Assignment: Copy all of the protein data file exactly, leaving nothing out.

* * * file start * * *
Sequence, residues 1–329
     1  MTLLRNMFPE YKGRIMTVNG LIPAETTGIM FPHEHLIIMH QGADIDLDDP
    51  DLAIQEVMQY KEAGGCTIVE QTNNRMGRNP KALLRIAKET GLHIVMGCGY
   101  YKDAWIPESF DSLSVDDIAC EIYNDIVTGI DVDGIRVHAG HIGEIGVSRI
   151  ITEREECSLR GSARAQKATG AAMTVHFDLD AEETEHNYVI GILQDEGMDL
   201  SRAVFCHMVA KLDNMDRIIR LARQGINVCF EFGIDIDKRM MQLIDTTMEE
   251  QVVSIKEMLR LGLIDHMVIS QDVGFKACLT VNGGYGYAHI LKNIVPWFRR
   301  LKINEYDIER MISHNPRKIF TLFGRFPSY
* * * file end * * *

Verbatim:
Sequence, residues 1–329
     1  MTLLRNMFPE YKGRIMTVNG LIPAETTGIM FPHEHLIIMH QGADIDLDDP
    51  DLAIQEVMQY KEAGGCTIVE QTNNRMGRNP KALLRIAKET GLHIVMGCGY
   101  YKDAWIPESF DSLSVDDIAC EIYNDIVTGI DVDGIRVHAG HIGEIGVSRI
   151  ITEREECSLR GSARAQKATG AAMTVHFDLD AEETEHNYVI GILQDEGMDL
   201  SRAVFCHMVA KLDNMDRIIR LARQGINVCF EFGIDIDKRM MQLIDTTMEE
   251  QVVSIKEMLR LGLIDHMVIS QDVGFKACLT VNGGYGYAHI LKNIVPWFRR
   301  LKINEYDIER MISHNPRKIF TLFGRFPSY